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Difference Between Dyads and Triads

Updated February 21, 2017

The terms dyad and triad describe groups of people in the field of sociology. Both terms refer to primary people groups that are the fundamental building blocks within a society. How individuals in dyads and triads relate to each other is predictive of the way that communication patterns within groups of people in the larger society evolve. The basic relational patterns are factors that influence how the overall society functions.

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Definition of Dyad

Dyad is a term used to describe groups of two people within a society. The term comes from the Latin word dyas, meaning two. For example, a married couple is a dyadic couple. Dyadic can describe communication between two people. A dyadic pair may develop their own communication idioms and have personal meanings attached to words or gestures that no one outside of their dyad knows or understands. A dyad is the smallest possible people group, because a relationship or a group cannot consist of one person.

Definition of Triad

The triad is another basic social building block. It describes a group of three people. This group is also one of the simplest human groups, and the rules learnt in the study of triads sometimes apply to larger groups. A common behaviour observed in a triad is that, in any group of three people, two of the members will often unite against the third

One example of this phenomenon is when a couple goes out on a date, and one of their friends tags along. The outsider spends his time trying to connect with one of the members of the group at the expense of the third. In a social setting, triads are far less stable arrangements than dyads.

In Relationships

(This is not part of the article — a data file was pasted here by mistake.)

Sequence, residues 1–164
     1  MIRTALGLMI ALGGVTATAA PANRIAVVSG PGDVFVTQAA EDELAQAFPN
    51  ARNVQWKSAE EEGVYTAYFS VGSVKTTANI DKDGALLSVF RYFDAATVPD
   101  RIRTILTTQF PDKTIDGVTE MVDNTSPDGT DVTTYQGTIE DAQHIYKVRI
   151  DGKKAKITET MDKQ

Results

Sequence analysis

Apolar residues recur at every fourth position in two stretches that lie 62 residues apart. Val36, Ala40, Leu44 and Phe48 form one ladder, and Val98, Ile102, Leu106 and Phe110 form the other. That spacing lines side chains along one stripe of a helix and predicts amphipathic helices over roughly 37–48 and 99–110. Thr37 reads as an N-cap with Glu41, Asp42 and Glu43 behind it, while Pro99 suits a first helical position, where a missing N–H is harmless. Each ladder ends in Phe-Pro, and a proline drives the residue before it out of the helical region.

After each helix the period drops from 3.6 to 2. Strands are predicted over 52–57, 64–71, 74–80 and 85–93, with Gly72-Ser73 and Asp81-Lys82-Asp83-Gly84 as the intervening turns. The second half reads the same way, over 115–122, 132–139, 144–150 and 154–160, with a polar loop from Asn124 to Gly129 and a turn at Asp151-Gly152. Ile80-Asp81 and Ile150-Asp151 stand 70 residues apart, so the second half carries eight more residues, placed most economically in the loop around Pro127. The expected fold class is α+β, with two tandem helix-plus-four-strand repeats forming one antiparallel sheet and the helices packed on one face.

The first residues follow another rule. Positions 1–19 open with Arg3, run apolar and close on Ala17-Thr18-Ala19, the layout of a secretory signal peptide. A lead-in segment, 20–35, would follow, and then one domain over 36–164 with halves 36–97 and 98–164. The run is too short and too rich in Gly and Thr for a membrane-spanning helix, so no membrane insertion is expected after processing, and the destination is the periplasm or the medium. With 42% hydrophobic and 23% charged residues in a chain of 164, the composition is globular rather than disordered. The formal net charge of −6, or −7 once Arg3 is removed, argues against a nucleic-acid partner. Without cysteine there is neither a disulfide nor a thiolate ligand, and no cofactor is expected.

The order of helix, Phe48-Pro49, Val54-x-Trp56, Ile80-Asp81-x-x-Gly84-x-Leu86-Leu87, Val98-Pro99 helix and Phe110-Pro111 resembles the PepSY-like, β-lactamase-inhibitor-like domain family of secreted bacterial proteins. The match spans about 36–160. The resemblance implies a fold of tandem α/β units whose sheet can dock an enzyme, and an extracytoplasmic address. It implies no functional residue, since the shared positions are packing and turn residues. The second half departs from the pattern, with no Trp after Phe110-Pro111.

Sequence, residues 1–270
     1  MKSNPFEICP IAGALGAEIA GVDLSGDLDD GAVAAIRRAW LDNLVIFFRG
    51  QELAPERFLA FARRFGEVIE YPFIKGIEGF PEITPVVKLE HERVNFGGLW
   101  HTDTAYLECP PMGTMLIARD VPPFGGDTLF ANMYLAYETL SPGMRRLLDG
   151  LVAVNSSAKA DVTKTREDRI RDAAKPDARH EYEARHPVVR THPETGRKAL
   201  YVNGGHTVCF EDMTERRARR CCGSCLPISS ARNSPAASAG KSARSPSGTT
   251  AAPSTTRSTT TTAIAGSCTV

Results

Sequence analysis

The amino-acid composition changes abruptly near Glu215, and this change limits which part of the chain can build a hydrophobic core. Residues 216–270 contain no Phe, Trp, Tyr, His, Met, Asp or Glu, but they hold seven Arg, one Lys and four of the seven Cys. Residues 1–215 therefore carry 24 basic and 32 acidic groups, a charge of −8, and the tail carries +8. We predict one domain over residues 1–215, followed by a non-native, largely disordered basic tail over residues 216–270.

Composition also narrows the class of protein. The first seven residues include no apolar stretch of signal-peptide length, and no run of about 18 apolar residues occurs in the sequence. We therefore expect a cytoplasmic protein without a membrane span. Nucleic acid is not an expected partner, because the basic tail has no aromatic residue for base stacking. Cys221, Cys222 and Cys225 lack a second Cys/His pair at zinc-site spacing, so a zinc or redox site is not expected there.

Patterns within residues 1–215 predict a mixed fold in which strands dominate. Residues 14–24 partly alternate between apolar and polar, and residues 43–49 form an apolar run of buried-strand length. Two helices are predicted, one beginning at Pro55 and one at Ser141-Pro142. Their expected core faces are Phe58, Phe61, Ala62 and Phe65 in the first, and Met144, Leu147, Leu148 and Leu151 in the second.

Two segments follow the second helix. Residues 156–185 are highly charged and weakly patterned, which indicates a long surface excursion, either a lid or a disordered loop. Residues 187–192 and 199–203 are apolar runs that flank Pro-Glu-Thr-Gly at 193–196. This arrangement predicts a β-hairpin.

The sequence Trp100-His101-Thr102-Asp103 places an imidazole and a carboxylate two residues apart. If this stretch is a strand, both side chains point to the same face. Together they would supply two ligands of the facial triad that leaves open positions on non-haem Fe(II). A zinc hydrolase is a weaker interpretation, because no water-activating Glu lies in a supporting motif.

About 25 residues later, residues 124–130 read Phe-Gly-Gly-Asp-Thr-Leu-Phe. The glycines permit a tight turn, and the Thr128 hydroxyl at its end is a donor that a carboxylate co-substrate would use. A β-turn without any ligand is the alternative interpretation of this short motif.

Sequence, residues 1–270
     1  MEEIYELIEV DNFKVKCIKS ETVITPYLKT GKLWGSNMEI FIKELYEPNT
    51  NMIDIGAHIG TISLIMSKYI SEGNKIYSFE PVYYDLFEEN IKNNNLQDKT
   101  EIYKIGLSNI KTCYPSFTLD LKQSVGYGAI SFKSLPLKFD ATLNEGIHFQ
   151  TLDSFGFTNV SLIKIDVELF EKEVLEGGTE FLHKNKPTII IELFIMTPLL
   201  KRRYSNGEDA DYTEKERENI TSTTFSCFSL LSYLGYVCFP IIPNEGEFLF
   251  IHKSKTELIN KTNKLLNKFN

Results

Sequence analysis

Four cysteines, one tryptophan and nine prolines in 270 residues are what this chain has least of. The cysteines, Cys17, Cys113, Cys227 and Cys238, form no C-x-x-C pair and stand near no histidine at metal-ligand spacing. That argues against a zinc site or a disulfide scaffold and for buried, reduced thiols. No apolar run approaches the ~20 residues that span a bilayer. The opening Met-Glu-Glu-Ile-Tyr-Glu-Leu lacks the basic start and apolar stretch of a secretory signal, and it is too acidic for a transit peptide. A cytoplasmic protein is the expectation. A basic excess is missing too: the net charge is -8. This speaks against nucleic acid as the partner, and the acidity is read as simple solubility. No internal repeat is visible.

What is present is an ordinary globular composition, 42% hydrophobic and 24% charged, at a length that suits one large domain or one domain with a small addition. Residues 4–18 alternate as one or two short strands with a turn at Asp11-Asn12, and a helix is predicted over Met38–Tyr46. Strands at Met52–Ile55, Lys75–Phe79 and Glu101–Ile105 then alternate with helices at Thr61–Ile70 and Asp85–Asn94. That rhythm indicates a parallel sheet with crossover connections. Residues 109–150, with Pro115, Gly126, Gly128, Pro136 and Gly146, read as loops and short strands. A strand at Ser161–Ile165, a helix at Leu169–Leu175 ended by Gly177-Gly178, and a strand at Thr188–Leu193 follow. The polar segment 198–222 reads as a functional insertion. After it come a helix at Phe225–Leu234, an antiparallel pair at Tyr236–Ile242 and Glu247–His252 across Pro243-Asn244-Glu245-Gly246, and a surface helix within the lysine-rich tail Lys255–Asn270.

The strength of any relationship is dependent on the amount of time the people in the relationship spend together. It is also important that they share a common vision. Relational depth grows when individuals share emotions, experiences, values, and a common vision. As a result, the relationships in a triad are likely to be less reliable than those in a dyadic pair are, unless the triad is composed of like-minded individuals who share a common vision or set of values. Identifying highly influential dyads in a larger setting may be the key to getting an entire organisation to participate in a venture.

As Nations

Lessons from these primary sociological groups also apply to the relationships between nations. The axiom "the enemy of my enemy is my friend" seems to come directly from the interactions of a triadic group. When two nations are opposed to a third, they can bond together against the third to strengthen their own positions. The alliance between Great Britain, the United States and Russia against Germany in WWII was an example of this.

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About the Author

Timothy Burns

Since 2003, Timothy Burns' writing has appeared in magazines, management and leadership papers. He has contributed to nationally published books and he leads the Word Weavers of West Michigan writers' group. Burns wrote "Forged in the Fire" in 2004, and has published numerous articles online. As a trained conference speaker, Burns speaks nationally on the art, science and inspiration of freelance writing.

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